In addition to ease of teaching and learning, it has been reported that recommendation of the use of insulin pens (not simply the presentation of pens as an option) by a physician was a powerful differentiator between which patients use and do not use pens (odds ratio, 135.6) (
      • Rubin R.R.
      • Peyrot M.
      Factors affecting use of insulin pens by patients with type 2 diabetes.
      ).

      Reducing diabetes-related inefficiencies and cost

      With the rising cost of diabetes, it is essential that inefficiencies be identified and targeted to reduce wasteful healthcare spending. The Public Health Agency of Canada (PHAC) reported results from a study in Saskatchewan that compared per capita costs for people with and without diabetes. The results demonstrated that the costs for those with diabetes nearly tripled in the first year after diagnosis. PHAC indicated that this was most likely due to the necessary hospital care at initial diagnosis. After the initial spike, there were minor cost increases, which reflect medication costs, day surgeries and dialysis (
      • Public Health Agency of Canada
      Diabetes in Canada: Facts and figures from a public health perspective.
      ).
      In addition to the costs associated with needlestick injuries as they relate to insulin administration, insulin waste and nursing time may also be positively impacted by the use of insulin pen devices.
      Reducing insulin waste is important not only to curb healthcare costs, but in an era of drug shortages and a global focus on the environment and sustainability, an effort should be made to reduce insulin waste and the volume of discarded administration supplies. A study involving 5 Ontario hospitals found that an average 34.1% of insulin from vials was wasted (35.6% in the acute care wards) (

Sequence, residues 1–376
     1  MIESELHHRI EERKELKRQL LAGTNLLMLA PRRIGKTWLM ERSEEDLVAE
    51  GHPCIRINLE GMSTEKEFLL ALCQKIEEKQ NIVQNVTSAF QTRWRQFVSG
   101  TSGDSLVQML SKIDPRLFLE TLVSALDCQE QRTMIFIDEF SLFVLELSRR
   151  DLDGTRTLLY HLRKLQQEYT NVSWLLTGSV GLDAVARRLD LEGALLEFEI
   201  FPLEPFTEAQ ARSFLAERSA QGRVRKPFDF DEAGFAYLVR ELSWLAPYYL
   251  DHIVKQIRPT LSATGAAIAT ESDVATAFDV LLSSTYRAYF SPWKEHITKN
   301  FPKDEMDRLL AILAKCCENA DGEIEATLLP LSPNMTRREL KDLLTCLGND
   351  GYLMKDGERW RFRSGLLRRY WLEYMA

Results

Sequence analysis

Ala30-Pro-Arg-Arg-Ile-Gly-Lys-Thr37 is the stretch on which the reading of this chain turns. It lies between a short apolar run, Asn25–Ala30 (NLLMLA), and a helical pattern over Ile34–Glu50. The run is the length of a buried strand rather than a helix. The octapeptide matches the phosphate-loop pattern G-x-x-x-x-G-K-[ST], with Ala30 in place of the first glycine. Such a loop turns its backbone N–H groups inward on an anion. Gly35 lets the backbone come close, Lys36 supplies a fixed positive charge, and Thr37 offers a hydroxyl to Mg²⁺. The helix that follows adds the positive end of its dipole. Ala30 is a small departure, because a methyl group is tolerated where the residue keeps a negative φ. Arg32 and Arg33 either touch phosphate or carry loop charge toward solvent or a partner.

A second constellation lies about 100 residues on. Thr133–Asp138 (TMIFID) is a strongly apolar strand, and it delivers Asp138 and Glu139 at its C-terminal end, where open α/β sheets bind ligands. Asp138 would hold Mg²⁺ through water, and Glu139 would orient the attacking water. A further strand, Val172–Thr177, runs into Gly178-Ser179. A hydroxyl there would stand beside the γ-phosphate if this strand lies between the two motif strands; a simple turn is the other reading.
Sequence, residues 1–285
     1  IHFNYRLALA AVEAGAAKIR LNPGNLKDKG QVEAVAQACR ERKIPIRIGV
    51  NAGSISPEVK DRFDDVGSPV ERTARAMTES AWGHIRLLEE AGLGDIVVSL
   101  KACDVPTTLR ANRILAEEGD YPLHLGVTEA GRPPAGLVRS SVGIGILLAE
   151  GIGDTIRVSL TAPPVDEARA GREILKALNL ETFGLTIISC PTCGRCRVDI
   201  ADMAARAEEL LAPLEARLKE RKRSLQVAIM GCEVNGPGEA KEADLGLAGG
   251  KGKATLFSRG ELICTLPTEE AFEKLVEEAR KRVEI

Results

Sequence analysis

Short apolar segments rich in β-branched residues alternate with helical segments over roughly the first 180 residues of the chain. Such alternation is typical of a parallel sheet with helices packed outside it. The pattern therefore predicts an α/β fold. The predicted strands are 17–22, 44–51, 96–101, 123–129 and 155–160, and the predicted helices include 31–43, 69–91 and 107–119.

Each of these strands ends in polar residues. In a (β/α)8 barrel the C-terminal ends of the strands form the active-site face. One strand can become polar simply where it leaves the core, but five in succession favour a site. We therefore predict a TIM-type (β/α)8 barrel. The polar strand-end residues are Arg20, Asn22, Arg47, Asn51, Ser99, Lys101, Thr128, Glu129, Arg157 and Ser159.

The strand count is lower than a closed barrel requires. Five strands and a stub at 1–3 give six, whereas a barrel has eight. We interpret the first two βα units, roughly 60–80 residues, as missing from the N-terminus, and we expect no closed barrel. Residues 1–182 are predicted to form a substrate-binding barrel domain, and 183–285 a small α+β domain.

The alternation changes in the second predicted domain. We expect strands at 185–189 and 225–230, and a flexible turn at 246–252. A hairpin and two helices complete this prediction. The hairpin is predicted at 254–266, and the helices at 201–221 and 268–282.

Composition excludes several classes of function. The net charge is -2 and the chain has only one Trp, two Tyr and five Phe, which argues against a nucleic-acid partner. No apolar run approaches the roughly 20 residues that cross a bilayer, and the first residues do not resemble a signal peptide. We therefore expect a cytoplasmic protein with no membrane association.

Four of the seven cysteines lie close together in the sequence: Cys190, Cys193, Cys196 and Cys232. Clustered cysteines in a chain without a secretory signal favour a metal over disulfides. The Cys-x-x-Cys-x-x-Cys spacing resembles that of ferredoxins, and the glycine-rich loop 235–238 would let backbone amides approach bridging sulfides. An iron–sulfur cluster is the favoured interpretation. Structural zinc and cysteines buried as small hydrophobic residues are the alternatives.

• Rosenbloom D.
      • Scime J.
      • Elviss O.D.
      • et al.
      Measurement of insulin wastage in five Ontario hospitals.
      ). Insulin waste was due largely to expiration (73.9%), with the remaining waste due to patient discharge and spoilage (
      • Rosenbloom D.
      • Scime J.
      • Elviss O.D.
      • et al.
      Measurement of insulin wastage in five Ontario hospitals.
      ). In this 1994 study, the authors recommended that “[hospitals] should estimate their insulin wastage and seek ways to reduce it. The pharmaceutical industry should be encouraged to develop cost-effective insulin delivery systems” (
      • Rosenbloom D.
      • Scime J.
      • Elviss O.D.
      • et al.